The following is the second blog in a series of technology alerts that will be shared with the NADTC mailing list. Make sure you check out the first blog post, “How Do I Get Started with Technology” and subscribe now to receive these posts in your inbox!
With all of the news lately about technology – technology to make it easier for older adults and people with disabilities to travel, self-driving cars and smartphone apps to tell you when the next bus is coming – you may be wondering how to approach a technology project.
To ensure success in technology planning and implementation, it is critical to use a process that identifies user needs, defines what the technology should do to satisfy user needs and follows a rigorous testing process is critical to successful technology planning implementation.
Following four basic steps will ensure a successful technology project:
Step 1. Know what the users want and need and how the system must perform. This step can be called “Requirements Analysis and Baselining.
Step 2. Determine desired functionality of the system to meet users’ needs. This step is often called “Functional Analysis and Decomposition.
Step 3. Study various system options and determine a preferred solution. This step can be called “Alternatives Analysis.”
Step 4. Verify the preferred solution. This step is often called “System Validation and Verification.”
Why do we use this structured approach? There are several reasons:
- Stakeholders or users want and need to define what the system should do (not how it should do it) and manage these “system requirements.”
- It is important to identify and minimize risk. This is very often ignored in technology projects!
- The components of the technology system have to be integrated both from a physical and organizational perspective.
- Systems can be complex, so using a process like this helps you manage the complexity.
- This type of process enhances communication and system understanding among project team members.
- It is important to verify that the system meets users’ needs.
So, who are the “users?” System users include customers of your service, internal staff and any people outside of your organization who might use the system (e.g., client managers, doctor’s office staff, caregivers).
Let’s focus on a few of the critical elements of the four steps. Do you remember the three-box diagram from the last blog? It is shown below.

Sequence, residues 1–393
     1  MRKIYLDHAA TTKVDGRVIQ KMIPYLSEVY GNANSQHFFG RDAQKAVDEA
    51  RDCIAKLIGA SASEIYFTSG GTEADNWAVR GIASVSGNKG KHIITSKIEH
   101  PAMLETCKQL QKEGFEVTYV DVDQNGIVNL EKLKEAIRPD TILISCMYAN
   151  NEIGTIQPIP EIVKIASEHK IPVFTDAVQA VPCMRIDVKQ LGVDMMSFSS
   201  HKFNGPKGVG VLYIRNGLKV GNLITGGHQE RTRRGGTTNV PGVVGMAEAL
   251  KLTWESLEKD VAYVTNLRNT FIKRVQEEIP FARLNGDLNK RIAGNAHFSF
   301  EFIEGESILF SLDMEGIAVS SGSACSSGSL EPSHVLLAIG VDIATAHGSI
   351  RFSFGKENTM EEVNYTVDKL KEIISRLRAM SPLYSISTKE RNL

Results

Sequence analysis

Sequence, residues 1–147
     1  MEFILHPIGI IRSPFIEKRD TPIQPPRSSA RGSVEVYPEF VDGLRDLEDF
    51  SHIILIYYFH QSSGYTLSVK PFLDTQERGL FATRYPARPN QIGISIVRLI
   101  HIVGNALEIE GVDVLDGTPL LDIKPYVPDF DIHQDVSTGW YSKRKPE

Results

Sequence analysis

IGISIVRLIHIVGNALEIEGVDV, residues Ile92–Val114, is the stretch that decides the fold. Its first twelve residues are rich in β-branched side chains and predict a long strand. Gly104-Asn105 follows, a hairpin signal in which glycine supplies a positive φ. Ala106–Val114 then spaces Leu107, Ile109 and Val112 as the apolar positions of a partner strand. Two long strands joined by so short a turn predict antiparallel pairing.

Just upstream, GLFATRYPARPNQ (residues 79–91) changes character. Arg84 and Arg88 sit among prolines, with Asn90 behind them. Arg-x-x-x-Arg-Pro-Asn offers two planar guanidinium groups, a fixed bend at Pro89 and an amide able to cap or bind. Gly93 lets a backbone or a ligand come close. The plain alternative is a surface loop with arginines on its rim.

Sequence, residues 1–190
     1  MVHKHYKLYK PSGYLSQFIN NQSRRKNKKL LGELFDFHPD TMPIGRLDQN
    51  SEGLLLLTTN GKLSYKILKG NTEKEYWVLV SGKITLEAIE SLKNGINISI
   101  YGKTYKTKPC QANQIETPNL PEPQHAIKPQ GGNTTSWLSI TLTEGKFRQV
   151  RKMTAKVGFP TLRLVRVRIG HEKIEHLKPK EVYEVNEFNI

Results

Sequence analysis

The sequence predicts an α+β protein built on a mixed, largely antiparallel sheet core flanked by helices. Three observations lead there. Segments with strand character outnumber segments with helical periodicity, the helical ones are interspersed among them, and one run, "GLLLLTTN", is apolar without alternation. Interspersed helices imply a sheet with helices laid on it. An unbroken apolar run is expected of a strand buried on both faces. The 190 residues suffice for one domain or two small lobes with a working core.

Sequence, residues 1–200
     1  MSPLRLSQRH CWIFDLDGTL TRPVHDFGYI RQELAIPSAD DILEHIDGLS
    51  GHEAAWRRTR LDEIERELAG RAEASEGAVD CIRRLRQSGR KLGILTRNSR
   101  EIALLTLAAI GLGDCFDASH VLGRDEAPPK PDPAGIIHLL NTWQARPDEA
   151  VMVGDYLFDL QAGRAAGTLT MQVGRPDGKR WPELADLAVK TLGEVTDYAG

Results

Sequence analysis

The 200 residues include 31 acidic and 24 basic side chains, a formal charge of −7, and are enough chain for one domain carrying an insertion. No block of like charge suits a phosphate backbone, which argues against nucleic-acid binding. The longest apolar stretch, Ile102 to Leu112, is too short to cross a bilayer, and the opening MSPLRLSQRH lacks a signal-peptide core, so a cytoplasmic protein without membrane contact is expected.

Here are the concepts to keep in mind as you navigate through this structured process:
Use a combined top-down/bottom-up approach (note how the arrows point both down and up in the figure to the left);
Focus on stakeholders’/users’ needs, NOT technology; and
Scale your process to the size and complexity of the project.
What are “needs?” Needs can be one or more of the following: problem to be solved, process to be improved, new capability. It is critical that the system users are the ones who define the needs (Step 1 above). Anyone could identify needs, but the users can best articulate what they feel is necessary for the system to function in order to best utilize the system. For example, users may describe needs that reflect how they envision interacting with the system.
Next, these needs are used to determine the system requirements – in other words, what the system must do or deliver (Step 2 above). Once system requirements are developed, the project team needs to keep track of each requirement as the system is actually developed, tested and deployed. This is called “traceability.” Traceability is necessary because we need to be able to confirm that all requirements are derived directly from user needs; and requirements may change over the life of the project, so we need a way of documenting any changes, the reasons for any change and the status of each requirement throughout the testing process.